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The Transformation of Mentoring Relationships in Academe: An Examination of Cross-Sex and Cross-Race Dyads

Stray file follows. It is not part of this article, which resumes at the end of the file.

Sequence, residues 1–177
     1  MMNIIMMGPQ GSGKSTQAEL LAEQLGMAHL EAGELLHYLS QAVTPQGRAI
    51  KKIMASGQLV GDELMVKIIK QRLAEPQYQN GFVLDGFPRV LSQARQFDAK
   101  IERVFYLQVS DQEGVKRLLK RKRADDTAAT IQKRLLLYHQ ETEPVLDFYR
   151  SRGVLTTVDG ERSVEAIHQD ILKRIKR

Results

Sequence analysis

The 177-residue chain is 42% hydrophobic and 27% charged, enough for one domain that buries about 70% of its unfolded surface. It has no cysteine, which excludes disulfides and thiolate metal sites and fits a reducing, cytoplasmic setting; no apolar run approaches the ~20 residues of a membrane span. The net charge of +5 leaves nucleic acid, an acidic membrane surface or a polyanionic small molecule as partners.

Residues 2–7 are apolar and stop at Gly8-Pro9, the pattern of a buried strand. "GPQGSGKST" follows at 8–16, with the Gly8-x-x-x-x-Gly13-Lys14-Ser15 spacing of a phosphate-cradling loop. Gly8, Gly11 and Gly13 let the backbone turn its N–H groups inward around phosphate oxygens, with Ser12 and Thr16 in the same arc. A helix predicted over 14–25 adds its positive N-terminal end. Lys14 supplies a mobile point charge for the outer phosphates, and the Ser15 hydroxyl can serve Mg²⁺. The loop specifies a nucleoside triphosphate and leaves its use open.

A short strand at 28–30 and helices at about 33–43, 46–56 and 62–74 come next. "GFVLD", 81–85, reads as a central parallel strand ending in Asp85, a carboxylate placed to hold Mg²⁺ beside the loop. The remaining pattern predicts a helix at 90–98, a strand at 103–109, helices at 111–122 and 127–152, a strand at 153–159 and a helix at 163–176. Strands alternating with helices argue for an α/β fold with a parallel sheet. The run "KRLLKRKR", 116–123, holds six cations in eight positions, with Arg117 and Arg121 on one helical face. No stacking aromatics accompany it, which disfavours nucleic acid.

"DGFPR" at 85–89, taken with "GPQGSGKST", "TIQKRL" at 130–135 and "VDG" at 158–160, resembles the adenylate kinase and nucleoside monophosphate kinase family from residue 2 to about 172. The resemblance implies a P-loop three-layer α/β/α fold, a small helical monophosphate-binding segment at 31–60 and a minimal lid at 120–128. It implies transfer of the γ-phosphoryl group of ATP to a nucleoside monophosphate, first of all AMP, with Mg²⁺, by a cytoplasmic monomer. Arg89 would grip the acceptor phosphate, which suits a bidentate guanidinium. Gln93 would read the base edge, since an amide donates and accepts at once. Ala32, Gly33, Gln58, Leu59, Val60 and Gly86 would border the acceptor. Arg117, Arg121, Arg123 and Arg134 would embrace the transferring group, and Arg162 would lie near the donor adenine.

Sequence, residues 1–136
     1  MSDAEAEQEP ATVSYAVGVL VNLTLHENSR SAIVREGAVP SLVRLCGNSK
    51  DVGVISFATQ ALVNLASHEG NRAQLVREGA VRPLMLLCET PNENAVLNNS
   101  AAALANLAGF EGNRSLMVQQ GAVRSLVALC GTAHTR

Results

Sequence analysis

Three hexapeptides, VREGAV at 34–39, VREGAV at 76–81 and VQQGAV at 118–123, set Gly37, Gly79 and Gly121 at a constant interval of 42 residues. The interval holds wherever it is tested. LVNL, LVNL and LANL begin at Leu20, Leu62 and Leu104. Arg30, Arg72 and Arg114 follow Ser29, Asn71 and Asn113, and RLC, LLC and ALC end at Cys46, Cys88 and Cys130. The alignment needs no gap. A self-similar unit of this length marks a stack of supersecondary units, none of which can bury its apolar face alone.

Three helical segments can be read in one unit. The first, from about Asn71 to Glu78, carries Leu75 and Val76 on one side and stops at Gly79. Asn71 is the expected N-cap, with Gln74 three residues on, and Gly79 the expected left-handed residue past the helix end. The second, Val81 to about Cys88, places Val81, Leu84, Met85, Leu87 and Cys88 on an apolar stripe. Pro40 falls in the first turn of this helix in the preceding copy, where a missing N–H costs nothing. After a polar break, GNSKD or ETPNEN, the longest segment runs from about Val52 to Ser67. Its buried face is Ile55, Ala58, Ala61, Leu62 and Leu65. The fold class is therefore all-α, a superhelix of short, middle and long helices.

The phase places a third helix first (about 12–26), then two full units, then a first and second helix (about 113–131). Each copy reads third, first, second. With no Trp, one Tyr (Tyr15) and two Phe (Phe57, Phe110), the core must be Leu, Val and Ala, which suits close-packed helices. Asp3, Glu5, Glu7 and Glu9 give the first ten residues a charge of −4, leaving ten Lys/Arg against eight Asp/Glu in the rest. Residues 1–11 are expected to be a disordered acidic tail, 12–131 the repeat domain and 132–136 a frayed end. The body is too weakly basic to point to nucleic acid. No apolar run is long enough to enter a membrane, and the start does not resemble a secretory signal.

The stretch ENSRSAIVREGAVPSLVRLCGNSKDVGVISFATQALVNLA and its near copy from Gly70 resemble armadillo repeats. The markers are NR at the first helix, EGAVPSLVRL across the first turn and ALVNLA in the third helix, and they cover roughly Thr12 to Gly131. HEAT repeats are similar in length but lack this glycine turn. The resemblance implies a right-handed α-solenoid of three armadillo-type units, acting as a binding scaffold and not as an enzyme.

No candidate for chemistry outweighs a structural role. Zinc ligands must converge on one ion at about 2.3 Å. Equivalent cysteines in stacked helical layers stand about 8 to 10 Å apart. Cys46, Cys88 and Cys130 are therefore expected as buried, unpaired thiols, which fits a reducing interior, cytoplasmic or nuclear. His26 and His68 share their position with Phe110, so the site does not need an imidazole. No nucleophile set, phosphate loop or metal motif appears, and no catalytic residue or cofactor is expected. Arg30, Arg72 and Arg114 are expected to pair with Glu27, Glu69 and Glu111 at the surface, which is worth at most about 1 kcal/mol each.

Because women and racial minorities are disproportionately underrepresented in the upper echelons of organizations compared to white men, they often have to depend on cross-sex and/or cross-race mentoring relationships to support their career goals. Existing literature has found that mentoring relationships may increase the chances for women and racial minorities to gain access to mentors. While an extensive literature on mentoring relationships exists, there is insufficient attention to the outcomes of mentoring relationships. Specifically, not much is known about the mechanisms that enable mentoring relationships to continue, nor about those that cause these relationships to end. Some mentoring relationships barely get off the ground, and even when mentoring relationships work, the average duration is only about 3 years. My research examines the progress of cross-sex and cross-race mentoring relationships within the context of academia. I consider how mentoring relationships develop, are transformed, and when and whether they end.